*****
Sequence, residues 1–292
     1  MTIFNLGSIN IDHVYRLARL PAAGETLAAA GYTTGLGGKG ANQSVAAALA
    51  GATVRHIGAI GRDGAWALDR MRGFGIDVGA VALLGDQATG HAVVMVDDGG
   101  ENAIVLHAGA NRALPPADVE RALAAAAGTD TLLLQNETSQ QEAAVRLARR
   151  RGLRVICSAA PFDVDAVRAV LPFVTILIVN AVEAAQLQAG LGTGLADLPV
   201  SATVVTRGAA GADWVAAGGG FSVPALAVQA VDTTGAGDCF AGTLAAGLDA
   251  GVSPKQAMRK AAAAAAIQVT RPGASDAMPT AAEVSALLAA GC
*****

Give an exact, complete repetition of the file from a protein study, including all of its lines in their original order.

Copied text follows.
Sequence, residues 1–292
     1  MTIFNLGSIN IDHVYRLARL PAAGETLAAA GYTTGLGGKG ANQSVAAALA
    51  GATVRHIGAI GRDGAWALDR MRGFGIDVGA VALLGDQATG HAVVMVDDGG
   101  ENAIVLHAGA NRALPPADVE RALAAAAGTD TLLLQNETSQ QEAAVRLARR
   151  RGLRVICSAA PFDVDAVRAV LPFVTILIVN AVEAAQLQAG LGTGLADLPV
   201  SATVVTRGAA GADWVAAGGG FSVPALAVQA VDTTGAGDCF AGTLAAGLDA
   251  GVSPKQAMRK AAAAAAIQVT RPGASDAMPT AAEVSALLAA GC